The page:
20. What will happen if a child in the class shows symptoms?

We will follow the Government guidelines set out below.

If anyone becomes unwell with a new, continuous cough or a high temperature in an education or childcare setting, they must be sent home and advised to follow the COVID-19: guidance for households with possible coronavirus infection guidance.

If a child is awaiting collection, they should be moved, if possible, to a room where they can be isolated behind a closed door, depending on the age of the child and with appropriate adult supervision if required. Ideally, a window should be opened for ventilation. If it is not possible to isolate them, move them to an area which is at least 2 metres away from other people.

If they need to go to the bathroom while waiting to be collected, they should use a separate bathroom if possible. The bathroom should be cleaned and disinfected using standard cleaning products before being used by anyone else. PPE should be worn by staff caring for the child while they await collection if a distance of 2 metres cannot be maintained (such as for a very young child or a child with complex needs). In an emergency, call 999 if they are seriously ill or injured or their life is at risk. Do not visit the GP, pharmacy, urgent care centre or a hospital.

If a member of staff has helped someone who was unwell with a new, continuous cough or a high temperature, they do not need to go home unless they develop symptoms themselves (and in which case, a test is available) or the child subsequently tests positive (see ‘What happens if there is a confirmed case of coronavirus in a setting?’ below). They should wash their hands thoroughly for 20 seconds after any contact with someone who is unwell. Cleaning the affected area with normal household disinfectant after someone with symptoms has left will reduce the risk of passing the infection on to other people. See the COVID-19: cleaning of non-healthcare settings guidance.

21. What happens if there is a confirmed case of coronavirus in school?

We will follow the Government guidance set out below.

When a child, young person or staff member develops symptoms compatible with coronavirus, they should be sent home and advised to self-isolate for 10 days. Their fellow household members should self-isolate for 14 days. All staff and students who are attending an education or childcare setting will have access to a test if they display symptoms of coronavirus, and are encouraged to get tested in this scenario.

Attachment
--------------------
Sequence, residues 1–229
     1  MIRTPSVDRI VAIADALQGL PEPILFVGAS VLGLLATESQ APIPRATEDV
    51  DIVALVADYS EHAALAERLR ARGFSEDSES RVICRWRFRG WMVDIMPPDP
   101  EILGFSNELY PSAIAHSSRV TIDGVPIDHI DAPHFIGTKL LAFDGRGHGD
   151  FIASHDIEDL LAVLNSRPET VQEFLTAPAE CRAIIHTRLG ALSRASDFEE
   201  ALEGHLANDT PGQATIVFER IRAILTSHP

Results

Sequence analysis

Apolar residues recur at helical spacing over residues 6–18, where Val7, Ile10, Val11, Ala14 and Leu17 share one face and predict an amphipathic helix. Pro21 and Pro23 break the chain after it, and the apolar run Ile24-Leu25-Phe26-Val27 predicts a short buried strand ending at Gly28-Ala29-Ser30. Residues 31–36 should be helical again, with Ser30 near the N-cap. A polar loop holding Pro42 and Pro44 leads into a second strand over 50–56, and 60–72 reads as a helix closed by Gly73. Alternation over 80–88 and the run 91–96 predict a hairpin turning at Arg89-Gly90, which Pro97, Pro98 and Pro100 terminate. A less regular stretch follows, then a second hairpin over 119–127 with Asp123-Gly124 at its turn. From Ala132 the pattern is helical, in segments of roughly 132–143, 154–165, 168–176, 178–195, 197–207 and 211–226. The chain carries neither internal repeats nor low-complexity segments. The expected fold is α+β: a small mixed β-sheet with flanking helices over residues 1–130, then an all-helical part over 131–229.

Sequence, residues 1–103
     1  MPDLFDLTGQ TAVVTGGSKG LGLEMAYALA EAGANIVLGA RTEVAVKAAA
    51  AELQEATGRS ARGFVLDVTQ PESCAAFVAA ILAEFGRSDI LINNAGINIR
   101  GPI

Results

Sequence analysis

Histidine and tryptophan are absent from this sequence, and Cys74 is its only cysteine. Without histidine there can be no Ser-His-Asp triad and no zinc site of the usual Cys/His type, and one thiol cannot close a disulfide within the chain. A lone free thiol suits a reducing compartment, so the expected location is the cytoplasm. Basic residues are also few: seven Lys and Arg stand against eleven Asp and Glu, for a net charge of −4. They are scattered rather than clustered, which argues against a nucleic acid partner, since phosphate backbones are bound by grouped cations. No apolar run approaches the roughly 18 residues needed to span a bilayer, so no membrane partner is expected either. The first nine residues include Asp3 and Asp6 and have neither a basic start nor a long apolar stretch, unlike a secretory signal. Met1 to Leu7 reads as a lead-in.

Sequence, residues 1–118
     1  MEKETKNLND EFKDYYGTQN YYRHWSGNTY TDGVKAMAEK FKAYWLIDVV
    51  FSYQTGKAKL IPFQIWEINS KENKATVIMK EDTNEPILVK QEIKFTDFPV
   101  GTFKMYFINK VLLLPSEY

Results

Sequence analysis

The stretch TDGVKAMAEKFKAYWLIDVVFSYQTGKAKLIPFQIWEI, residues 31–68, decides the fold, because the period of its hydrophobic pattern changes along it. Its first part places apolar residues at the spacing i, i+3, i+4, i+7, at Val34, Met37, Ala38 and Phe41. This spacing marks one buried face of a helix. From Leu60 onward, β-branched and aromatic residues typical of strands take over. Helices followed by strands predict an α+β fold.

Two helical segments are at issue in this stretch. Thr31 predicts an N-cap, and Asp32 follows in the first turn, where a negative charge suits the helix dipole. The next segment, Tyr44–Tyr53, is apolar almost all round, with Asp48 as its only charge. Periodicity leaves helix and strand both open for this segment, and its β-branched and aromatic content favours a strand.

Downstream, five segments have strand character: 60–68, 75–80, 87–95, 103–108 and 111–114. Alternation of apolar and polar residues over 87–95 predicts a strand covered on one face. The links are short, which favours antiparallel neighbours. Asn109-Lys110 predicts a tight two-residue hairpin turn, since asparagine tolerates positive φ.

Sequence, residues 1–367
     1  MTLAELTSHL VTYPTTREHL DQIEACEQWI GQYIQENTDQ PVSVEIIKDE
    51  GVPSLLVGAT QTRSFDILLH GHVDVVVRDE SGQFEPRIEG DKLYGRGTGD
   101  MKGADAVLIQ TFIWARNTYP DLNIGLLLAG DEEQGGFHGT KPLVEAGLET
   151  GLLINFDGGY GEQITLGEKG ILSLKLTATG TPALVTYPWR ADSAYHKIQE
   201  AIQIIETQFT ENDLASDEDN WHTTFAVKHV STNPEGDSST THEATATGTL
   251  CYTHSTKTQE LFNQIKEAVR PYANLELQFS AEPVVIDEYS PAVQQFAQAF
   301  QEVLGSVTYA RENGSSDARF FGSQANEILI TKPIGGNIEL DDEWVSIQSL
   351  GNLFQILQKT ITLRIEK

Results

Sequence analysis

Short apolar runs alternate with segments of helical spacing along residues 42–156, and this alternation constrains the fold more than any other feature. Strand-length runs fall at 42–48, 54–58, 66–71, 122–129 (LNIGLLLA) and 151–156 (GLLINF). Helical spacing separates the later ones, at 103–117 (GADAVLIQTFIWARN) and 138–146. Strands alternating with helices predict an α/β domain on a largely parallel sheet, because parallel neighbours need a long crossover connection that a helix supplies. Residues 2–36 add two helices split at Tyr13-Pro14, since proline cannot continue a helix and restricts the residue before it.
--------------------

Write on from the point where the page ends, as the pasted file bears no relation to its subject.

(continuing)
Where the child, young person or staff member tests negative, they can return to their setting once they feel well enough, and their fellow household members can end their self-isolation.

Where the child, young person or staff member tests positive, the rest of their ‘bubble’ within their childcare or education setting should be sent home and advised to self-isolate for 14 days. The other household members of that wider class or group do not need to self-isolate unless the child, young person or staff member they live with in that group subsequently develops symptoms.

As part of the national test and trace programme, if other cases are detected within the cohort or in the wider setting, Public Health England’s local health protection teams will conduct a rapid investigation and will advise schools and other settings on the most appropriate action to take. In some cases, a larger number of other children, young people may be asked to self-isolate at home as a precautionary measure – perhaps the whole class, site or year group. Where settings are observing guidance on infection prevention and control, which will reduce risk of transmission, closure of the whole setting will not generally be necessary.

22. Will the school take my child’s temperature every day?

No, but we may use a non-invasive thermometer which points to the forehead if we suspect a child of having symptoms.

23. How can I speak to the class teacher if we are not allowed into school?

You can contact your child’s class teacher by using the same email as you do for distance learning. If you are unable to do this, you can phone, use the website contact form or email the office who will then pass the message on.

24. Why are different schools doing different things to reopen?

Individual school circumstances are different - numbers in year groups, staff available to work, etc.

25. Where can I find more information about returning to school?

The Government information is provided here: https://www.gov.uk/government/publications/actions-for-schools-during-the-coronavirus-outbreak/guidance-for-full-opening-schools#curriculum-expectations